John McDonnell tells us that he’s going to make every household in the country £6,700 a year better off by getting rid of those horrible monopoly profits. £6,700 a year is roughly and around and about all profits in the economy after we’ve accounted for depreciation.
This does actually make sense. As long as you’re a Marxist:
Shadow chancellor John McDonnell will claim that a Labour government would save families an average of £6,700 a year by “putting a stop to rip-off Britain” as the party narrows its focus to bread-and-butter issues.
With just over a week to go before polling day, McDonnell will on Wednesday say that Labour’s policy of tackling “profiteering monopolies” and “bad bosses” would benefit voters’ budgets.
“As Chancellor I want to ensure government has sound finances, but I want more than that. I want every family, every household in Britain to have sound finances,” he will say.
“That means putting a stop to rip-off Britain and making real change so that people are not powerless in the face of profiteering monopolies, bad bosses at work and cast aside by a government that just stands by.”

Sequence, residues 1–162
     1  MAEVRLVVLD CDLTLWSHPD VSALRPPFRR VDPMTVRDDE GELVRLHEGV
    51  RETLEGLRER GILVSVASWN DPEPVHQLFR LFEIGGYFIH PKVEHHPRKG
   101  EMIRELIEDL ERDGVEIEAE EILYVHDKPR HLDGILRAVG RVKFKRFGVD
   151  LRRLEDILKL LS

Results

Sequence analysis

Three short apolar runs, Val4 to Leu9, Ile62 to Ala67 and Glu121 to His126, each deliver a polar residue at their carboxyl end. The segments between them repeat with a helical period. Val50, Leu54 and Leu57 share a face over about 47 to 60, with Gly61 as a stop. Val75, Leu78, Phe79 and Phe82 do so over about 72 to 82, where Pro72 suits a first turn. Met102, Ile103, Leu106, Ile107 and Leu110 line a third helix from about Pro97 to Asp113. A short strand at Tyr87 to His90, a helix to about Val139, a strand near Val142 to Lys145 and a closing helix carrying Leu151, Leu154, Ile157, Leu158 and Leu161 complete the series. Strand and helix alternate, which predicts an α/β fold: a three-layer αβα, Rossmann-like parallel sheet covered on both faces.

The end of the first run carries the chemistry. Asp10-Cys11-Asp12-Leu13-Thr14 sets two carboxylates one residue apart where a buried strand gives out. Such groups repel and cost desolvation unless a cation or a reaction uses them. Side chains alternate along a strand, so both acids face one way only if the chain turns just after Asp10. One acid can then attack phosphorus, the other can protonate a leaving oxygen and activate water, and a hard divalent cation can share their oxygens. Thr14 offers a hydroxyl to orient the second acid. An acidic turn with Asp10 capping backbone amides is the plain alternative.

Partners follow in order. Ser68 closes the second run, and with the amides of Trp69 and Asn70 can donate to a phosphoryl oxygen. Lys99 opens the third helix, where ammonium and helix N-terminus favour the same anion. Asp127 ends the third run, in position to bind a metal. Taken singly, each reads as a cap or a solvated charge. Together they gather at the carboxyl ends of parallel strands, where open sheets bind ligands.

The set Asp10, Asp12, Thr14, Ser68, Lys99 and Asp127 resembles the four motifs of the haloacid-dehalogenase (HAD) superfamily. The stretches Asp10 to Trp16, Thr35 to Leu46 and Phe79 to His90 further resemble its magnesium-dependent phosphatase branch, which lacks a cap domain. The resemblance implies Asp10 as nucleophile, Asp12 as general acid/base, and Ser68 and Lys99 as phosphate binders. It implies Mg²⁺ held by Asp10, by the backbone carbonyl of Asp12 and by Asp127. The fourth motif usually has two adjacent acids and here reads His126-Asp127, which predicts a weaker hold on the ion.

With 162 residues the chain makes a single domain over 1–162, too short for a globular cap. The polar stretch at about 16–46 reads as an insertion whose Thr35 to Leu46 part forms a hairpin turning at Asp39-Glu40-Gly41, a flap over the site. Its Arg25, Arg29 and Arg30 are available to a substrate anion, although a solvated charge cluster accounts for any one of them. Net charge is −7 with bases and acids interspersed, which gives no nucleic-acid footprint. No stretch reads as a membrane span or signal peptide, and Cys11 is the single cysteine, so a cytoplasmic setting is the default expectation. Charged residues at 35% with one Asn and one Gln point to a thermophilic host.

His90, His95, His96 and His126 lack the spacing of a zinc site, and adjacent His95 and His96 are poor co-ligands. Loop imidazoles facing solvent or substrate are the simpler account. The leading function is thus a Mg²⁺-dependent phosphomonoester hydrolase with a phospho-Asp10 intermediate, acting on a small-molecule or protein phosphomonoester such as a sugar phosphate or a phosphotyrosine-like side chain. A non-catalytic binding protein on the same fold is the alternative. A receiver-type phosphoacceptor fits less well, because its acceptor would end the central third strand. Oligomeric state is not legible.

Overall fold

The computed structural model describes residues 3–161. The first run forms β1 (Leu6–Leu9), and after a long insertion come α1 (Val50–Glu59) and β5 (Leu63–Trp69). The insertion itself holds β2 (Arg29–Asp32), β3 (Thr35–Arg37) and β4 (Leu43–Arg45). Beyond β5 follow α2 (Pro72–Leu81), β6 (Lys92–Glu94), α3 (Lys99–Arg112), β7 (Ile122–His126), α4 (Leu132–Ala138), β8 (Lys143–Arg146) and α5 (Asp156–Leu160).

In a dossier to be published alongside the speech, McDonnell will claim that Labour policies including nationalising utilities and reducing the cost of rail season tickets would put £6,700 in the coffers of the average household.
25 million households, £6,700 a year each, around £170 billion. The capital share of the economy is some 20% or so, 20% of £2 trillion is £400 billion. Half of that capital share is depreciation – rebuilding the stuff that’s wearing out – leaving around £200 billion as what the capitalists get net. That includes all our pensions and everything, obviously.
So, McDonnell is essentially pledging to abolish profit. Which makes sense, as he’s a Marxist. He really does believe that profit is the amount unfairly and untimely ripped from the labour of the individual.
Of course, economies without profits don’t work very well as they find it very difficult to find anyone willing to delay consumption in order to invest. But this does actually make sense, given the pre-beliefs. Which is interesting, isn’t it? John McDonnell is making sense for once….